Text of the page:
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Rodgers, Watson win ASEE Evans award for paper on concept maps

Thursday, February 16, 2017
This illustration shows a high-scoring concept map of sustainability from Michael Rodgers and Mary Katherine Watson’s prize-winning paper on using such tools to assess how well engineering students learn concepts. (Image: Journal of Engineering Education, Wiley Publishing)
This illustration shows a high-scoring concept map of sustainability from Michael Rodgers and Mary Katherine Watson’s prize-winning paper on using such tools to assess how well engineering students learn concepts. (Image: Journal of Engineering Education, Wiley Publishing)

Michael Rodgers and one of his former Ph.D. students have won the Thomas C. Evans Instructional Paper Award for their work on assessing how well students learn complex engineering information.

Michael Rodgers
Rodgers
Mary Katherine Watson (Photo Courtesy: The Citadel Department of Civil and Environmental Engineering)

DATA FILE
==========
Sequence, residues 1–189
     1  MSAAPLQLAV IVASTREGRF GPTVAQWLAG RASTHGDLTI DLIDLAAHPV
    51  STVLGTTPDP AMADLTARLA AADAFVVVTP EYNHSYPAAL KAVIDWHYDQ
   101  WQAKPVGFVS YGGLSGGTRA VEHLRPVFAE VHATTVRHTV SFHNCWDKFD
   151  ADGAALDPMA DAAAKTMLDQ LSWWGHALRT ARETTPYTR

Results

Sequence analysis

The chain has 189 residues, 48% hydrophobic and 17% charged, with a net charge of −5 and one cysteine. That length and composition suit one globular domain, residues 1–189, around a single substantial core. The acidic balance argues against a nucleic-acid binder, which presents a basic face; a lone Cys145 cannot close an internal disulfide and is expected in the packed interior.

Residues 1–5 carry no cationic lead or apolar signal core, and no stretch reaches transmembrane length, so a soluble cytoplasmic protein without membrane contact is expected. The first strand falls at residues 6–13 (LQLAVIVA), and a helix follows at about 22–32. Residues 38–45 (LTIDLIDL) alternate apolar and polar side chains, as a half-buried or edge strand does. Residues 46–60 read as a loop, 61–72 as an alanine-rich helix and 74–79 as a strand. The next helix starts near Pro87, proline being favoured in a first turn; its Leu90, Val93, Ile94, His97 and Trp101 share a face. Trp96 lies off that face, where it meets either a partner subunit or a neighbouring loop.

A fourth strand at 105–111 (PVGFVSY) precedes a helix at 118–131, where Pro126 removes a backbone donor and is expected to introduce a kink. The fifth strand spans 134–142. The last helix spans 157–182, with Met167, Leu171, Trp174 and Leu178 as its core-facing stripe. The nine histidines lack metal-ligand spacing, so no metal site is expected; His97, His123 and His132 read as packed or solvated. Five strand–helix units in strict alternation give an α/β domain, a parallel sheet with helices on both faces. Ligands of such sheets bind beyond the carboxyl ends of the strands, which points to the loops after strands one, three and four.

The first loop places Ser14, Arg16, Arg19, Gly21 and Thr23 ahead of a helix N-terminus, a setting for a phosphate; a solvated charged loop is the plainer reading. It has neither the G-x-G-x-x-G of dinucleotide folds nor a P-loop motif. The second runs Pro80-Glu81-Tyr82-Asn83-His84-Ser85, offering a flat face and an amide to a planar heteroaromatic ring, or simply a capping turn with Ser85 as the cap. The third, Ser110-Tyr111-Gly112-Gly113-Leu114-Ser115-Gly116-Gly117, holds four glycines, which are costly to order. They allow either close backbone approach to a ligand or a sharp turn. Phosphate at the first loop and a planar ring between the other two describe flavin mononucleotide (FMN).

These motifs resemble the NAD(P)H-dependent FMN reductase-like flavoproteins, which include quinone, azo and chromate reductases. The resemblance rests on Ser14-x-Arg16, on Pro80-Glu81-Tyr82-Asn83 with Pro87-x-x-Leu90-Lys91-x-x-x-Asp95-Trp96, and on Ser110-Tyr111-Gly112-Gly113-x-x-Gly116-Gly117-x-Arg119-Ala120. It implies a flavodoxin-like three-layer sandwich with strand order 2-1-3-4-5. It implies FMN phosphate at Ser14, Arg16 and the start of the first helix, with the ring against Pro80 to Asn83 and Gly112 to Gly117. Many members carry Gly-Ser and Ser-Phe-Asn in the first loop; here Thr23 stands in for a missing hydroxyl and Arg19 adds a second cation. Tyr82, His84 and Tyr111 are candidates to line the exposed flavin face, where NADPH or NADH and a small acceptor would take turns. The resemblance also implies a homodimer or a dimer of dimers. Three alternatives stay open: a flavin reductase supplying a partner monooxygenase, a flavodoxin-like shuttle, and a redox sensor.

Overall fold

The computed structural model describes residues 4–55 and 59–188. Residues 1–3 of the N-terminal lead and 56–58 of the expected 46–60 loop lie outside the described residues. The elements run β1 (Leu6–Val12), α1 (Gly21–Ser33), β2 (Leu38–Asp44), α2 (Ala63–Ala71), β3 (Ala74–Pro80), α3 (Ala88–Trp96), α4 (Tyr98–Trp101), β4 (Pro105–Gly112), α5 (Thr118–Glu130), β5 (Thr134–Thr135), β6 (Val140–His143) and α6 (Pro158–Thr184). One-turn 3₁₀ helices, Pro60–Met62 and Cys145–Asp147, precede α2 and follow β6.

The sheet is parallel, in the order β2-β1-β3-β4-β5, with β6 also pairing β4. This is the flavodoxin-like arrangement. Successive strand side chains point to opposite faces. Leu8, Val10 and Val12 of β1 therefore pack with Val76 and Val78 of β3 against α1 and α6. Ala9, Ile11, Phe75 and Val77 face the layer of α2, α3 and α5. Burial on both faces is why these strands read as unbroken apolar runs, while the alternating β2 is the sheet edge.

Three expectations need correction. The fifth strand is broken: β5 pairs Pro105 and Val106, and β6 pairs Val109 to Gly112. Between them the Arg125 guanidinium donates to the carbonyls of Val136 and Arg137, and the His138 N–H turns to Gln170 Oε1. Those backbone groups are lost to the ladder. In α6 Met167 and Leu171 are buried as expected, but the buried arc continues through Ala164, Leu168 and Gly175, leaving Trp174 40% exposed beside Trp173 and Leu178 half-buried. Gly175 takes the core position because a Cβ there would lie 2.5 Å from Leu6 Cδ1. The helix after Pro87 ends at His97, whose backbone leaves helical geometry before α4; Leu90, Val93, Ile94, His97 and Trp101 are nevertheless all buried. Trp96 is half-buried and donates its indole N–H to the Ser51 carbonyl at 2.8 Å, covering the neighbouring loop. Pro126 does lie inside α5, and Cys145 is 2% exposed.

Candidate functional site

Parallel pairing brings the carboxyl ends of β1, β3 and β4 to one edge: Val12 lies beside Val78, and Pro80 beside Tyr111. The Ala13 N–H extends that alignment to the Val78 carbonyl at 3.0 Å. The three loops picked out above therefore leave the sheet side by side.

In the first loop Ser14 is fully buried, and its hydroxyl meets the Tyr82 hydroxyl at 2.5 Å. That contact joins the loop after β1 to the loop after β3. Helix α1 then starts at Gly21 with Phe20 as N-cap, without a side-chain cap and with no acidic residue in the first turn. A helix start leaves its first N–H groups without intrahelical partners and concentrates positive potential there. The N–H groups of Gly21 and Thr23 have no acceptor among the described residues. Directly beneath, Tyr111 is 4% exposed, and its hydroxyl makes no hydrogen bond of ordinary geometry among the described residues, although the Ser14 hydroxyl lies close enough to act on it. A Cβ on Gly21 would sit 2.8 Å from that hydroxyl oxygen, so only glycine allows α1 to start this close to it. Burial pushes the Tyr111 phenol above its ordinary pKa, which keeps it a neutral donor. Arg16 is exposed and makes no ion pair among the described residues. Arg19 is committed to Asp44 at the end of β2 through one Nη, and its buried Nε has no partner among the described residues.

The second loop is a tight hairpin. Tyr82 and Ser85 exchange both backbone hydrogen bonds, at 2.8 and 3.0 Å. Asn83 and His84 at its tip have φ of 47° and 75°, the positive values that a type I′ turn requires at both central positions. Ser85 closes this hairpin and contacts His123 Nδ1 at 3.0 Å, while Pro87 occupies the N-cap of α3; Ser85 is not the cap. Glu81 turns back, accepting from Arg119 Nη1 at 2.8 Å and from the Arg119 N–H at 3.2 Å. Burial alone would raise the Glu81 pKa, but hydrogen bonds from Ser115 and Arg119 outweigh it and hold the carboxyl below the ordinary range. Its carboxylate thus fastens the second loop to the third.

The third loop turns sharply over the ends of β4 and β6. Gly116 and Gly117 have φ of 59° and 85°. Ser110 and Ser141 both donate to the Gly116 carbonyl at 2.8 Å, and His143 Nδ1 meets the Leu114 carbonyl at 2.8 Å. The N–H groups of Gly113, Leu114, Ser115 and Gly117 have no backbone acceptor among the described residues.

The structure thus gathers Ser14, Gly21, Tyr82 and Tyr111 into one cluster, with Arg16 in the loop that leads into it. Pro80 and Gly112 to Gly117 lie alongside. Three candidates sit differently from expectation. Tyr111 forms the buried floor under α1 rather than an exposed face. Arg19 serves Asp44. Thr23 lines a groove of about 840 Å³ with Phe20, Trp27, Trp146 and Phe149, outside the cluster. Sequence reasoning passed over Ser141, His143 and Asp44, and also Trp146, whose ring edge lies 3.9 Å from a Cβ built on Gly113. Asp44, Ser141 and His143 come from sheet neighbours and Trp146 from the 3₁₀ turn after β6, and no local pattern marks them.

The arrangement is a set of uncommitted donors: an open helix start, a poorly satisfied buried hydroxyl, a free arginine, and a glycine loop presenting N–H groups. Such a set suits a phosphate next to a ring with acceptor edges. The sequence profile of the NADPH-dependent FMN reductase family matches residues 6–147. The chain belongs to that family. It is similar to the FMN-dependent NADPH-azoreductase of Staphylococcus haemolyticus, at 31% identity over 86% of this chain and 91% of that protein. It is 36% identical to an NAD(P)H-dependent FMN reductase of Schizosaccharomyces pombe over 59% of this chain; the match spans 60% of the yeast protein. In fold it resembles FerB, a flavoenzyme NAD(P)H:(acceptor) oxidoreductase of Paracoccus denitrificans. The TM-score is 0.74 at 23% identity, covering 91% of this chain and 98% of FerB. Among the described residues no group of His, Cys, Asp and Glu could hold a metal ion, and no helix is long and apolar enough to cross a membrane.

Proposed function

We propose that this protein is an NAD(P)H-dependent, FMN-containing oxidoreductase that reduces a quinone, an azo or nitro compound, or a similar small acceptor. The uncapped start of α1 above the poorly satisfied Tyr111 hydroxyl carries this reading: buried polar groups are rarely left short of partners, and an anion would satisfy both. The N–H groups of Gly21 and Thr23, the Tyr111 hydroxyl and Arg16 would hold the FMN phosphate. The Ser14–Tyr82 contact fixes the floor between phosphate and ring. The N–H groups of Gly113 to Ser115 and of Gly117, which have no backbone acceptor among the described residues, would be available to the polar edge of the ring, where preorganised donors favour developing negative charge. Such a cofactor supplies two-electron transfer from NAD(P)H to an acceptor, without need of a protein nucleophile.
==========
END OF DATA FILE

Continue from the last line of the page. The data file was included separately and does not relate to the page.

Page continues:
Watson

It’s the second time in five years Rodgers and Mary Katherine Watson have won the Evans award from the southeastern section of the American Society of Engineering Education. It recognizes the region’s most outstanding paper related to engineering education.

Watson, Ph.D. 2013, now teaches sustainable and environmental engineering at The Citadel in Charleston.

“I am, of course, ecstatic that Mary Katherine has continued her development,” Rodgers said, noting the society named her its outstanding new faculty member in 2015. “We should all be proud to see our graduates do so well.”

The winning paper, published in the Journal of Engineering Education, looked the use of concept maps to judge how well students learned information in a course — in this case, the School of Civil and Environmental Engineering’s Capstone Design class.

The researchers evaluated the different ways a professor or other grader could score the concept maps “since lack of valid, reliable, and easily usable methods has largely limited the application of concept maps assessments,” they wrote.

They found each of the three methods they tested had value, depending on the needs of the instructor.

The team — which also included Joshua Pelkey, a product manager at AirWatch, and Caroline Noyes, former director of the Georgia Tech Office of Assessment — will collect their award and present their work at the society’s Zone II conference in March.